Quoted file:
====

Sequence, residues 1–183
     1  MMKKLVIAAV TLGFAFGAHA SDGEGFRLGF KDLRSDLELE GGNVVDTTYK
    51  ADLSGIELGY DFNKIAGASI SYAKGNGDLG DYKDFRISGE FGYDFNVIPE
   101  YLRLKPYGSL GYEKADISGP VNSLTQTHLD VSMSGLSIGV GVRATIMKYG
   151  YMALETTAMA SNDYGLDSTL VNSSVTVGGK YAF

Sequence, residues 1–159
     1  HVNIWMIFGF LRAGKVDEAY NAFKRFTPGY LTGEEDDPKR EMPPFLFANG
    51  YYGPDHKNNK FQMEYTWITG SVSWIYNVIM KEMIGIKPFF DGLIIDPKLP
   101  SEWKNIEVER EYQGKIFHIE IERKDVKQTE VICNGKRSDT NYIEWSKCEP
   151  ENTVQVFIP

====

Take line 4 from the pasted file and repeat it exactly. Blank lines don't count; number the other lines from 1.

   101  YLRLKPYGSL GYEKADISGP VNSLTQTHLD VSMSGLSIGV GVRATIMKYG